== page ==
The book One Thousand and One Night entails a collection of Arabic folklore put together under one book. Scheherazade, a young woman married to the King, tells these stories. Shahryar, the King has decided to marry a young beautiful woman every day after which he executes her.
He gets married to Scheherazade, his newest wife. However, her wit enables her to manage to postpone her execution for three years. Scheherazade keeps on telling her sadistic husband immensely fantastical stories, all which end with a guarantee of a better and more astonishing tale. In fact, some of the stories she tells are framing stories themselves with about triple and quadruple-nested framing devices. The stories make it abundantly easy for Scheherazade to postpone her execution. A frame story as is a narrative technique, also known as frame tale, where the author tells stories within a story to explain the main story.
The introductory part of the main narrative is presented for the reason of creating a stage for a more accentuated second tale or s series of shorter stories. The frame story often directs leaders from the previous story to the next and several succeeding ones (Heath 359). Scheherazade tells some stories that are totally framing. With triple and quadruple nested framing devices.
This literary technique works as a convenient conceit allowing the author to organize a number of shorter narratives devised by the author or picked from borrowed tales as part of building the longer story (Pinault 56). Sometimes the main story within the main narrative can serve to sum up a crucial aspect of the framing story (Heath 359). The tale of Sinbad the Seaman and Sinbad the Landsman short stories are framing stories. These are nested stories.
The importance of literary techniques in literature is that they make the story remarkably explicit and more significant. They help in aiding the author to tell a story the way he/she intended to be (Husain 23). Many of the literary techniques are exceedingly common that readers can easily recognize them even though they may not know the correct names to use for reference. In the literature, one can use techniques without knowing their names (Heath 359). The One Thousand and One Night story applies some tasteful poetic devices like leitwortstil.
This technique is common. However, it is less referred to by its name. This technique is effective in that the author keep on repeating some words or some short phrases which convey the them or otherwise a crucial fact to the story. The author of this book applied this technique (Heath 360).
As Pinault observes, “Thematic patterning is another form of repetition where the author uses recurrent themes distributed in the story with moral motifs across various incidents and frames of the story” (56). Authors can skillfully construct the story. In One Thousand and One Nights, the author arranges the arguments and prominent thoughts to accentuate a unifying argument where incongruent events are common Husain. The title entails a collection of stories from Middle East and South Asia apparently compiled in the Islamic Golden Age (Husain 23). Americans and Europeans refer The One thousand and one Night to as the Arabian Nights. The original concept is most likely to be from the famous Sassanid Persian archetype built on the Indian concepts (Pinault 56).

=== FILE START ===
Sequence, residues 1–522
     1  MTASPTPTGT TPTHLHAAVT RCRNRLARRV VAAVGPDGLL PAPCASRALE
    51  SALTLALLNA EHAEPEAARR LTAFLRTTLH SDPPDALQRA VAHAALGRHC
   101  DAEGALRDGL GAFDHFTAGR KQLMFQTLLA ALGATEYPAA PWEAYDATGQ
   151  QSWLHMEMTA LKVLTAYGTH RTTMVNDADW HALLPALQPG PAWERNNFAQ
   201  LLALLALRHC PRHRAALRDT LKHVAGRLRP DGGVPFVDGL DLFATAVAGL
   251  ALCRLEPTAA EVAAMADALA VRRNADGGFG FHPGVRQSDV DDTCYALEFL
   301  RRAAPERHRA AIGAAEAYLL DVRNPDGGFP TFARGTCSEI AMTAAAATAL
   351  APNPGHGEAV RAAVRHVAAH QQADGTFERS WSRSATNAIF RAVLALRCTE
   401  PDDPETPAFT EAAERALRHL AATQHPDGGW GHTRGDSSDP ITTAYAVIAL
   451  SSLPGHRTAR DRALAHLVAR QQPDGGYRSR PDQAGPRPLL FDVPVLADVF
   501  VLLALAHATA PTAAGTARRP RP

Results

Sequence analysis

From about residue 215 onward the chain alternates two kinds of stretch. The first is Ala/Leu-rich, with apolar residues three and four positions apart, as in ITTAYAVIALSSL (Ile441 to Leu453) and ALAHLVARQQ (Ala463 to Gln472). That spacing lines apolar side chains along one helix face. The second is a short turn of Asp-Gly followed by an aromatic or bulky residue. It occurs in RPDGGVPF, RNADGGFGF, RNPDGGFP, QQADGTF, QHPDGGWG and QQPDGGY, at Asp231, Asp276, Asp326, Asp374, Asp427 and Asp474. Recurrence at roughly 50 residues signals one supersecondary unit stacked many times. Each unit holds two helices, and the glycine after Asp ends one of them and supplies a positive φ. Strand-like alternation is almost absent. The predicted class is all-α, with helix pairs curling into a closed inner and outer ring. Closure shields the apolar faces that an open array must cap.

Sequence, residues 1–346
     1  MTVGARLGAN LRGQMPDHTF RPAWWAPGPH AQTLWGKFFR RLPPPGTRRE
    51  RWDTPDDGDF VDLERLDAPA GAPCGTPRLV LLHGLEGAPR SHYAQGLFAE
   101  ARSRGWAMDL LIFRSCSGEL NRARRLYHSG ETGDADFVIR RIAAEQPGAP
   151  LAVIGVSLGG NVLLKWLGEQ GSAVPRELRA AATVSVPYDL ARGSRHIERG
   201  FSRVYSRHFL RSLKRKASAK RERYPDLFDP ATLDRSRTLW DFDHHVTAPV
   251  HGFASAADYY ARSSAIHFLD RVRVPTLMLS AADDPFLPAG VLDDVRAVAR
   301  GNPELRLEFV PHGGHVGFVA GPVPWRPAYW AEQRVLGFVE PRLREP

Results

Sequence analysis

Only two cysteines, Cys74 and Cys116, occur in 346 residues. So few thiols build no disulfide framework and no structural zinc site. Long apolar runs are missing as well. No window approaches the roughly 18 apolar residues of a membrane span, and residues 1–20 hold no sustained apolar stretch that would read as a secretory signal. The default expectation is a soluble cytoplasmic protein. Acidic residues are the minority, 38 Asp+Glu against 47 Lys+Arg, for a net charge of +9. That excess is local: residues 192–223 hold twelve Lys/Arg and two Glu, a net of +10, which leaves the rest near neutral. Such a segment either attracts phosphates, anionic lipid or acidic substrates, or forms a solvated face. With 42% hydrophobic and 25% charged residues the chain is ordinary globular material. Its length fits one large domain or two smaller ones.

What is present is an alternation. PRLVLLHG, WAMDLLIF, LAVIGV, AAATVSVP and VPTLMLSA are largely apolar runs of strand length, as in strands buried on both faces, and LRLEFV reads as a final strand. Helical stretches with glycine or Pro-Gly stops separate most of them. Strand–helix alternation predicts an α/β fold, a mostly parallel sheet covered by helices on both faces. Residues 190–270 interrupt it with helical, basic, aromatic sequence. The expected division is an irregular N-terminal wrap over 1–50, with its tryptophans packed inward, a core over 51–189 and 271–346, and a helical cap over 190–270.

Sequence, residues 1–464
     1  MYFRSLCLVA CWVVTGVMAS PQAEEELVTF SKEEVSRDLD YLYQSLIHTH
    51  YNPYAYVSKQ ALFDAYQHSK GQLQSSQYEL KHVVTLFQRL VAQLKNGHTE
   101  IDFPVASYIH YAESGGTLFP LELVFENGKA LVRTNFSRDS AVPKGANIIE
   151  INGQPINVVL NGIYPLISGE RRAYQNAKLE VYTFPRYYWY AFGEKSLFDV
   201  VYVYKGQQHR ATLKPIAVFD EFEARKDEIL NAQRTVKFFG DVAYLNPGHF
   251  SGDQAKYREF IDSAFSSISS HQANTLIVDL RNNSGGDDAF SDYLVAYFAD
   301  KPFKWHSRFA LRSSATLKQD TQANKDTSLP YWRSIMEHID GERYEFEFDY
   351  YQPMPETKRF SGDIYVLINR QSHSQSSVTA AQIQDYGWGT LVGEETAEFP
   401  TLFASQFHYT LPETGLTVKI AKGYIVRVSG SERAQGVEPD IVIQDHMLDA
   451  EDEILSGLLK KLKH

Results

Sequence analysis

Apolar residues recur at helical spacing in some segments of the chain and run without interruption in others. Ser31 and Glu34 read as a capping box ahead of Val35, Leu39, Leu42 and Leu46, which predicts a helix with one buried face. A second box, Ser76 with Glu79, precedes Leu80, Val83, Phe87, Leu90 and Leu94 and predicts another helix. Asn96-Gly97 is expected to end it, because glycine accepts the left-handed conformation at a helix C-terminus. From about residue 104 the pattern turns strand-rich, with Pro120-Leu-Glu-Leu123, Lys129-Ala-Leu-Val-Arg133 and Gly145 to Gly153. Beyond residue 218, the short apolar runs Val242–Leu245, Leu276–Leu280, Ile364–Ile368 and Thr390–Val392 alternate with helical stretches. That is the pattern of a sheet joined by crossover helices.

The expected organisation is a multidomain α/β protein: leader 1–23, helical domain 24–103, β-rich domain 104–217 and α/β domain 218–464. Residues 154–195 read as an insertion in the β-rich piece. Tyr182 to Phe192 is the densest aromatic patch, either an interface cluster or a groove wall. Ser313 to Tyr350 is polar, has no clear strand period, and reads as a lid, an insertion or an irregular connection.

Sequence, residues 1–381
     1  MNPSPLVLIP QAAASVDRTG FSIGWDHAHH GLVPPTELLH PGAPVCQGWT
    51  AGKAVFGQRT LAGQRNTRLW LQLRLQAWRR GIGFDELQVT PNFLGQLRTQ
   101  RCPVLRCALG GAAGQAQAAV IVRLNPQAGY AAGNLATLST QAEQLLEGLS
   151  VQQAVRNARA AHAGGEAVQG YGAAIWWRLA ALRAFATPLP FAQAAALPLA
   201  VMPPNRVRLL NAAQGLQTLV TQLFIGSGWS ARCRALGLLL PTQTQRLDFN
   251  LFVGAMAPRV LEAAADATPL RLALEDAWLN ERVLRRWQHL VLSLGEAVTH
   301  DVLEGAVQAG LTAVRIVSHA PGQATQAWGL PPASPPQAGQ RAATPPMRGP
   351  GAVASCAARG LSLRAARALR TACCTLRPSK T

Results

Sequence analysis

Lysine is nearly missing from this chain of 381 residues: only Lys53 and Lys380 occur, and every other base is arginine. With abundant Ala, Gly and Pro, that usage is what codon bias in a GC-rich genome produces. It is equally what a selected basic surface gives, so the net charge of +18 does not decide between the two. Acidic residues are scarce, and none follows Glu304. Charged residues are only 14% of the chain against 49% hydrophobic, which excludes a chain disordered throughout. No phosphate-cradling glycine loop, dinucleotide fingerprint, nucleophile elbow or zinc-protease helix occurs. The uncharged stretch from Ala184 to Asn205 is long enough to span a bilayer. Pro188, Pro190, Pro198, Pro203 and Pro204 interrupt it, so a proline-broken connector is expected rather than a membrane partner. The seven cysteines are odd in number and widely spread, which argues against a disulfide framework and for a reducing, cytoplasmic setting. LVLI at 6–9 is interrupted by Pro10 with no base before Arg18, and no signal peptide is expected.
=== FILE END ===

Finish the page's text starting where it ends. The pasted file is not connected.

People have traced the tales back to the medieval era in the Persian, Indian and Egyptian folklore. The frame story is an old concept specifically in the Caliphate era almost certainly from the Pahlavi Persian literature (Husain 23). The literary technique of frame story is a common style in all the Nights editions especially Story of King Sharyar and his newest wife Scheherazade, narrating the story. The stories come from the original tales (Pinault 56). In the framing tale, there are numerous reference as to that identify the genre of fable in the One Thousand and one nights as a moral and wisdom initiator. The cycle dated back to the 10th century. The many stories in the book are set in India.
However, they do not have a known origin. People have subjected these stories to intensive scholarly analysis (Pinault 56). The title indicates endlessness of an exceptionally large number of stories. Conclusively, based on the expositions made in the paper, it suffices to declare The Thousand and One Nights complex, informative, and religious sometimes though course at others. The nights included good and bad perceptions, sex and man-demon relationship. There are also instructions to help the king gain sanity and on how to control women. The shape of the story is evident based on the philosophy of the expression model internalized by the type of literature. The book is a characteristic example of the power genre ideology.
All the readings seem to point to a similar ending. In the end, in the story titled The Thousand and One Night, the King, Shahrayar, is free of his murderous behavior and tyranny. He eventually assumes another set of belief.
Expression error: Missing operand. Story-Telling Techniques in the Arabian Nights. International Journal of Middle East Studies 26.2(1994): 358–360.
Husain, Hardaway. The Thousand and One Nights. Trans. In The Norton Anthology: World Masterpieces. New York: Norton, 1995.
Print. Pinault, David. Storytelling techniques in the Arabian nights.
Studies in Arabic literature Leiden: E.J Brill, 1992. Print.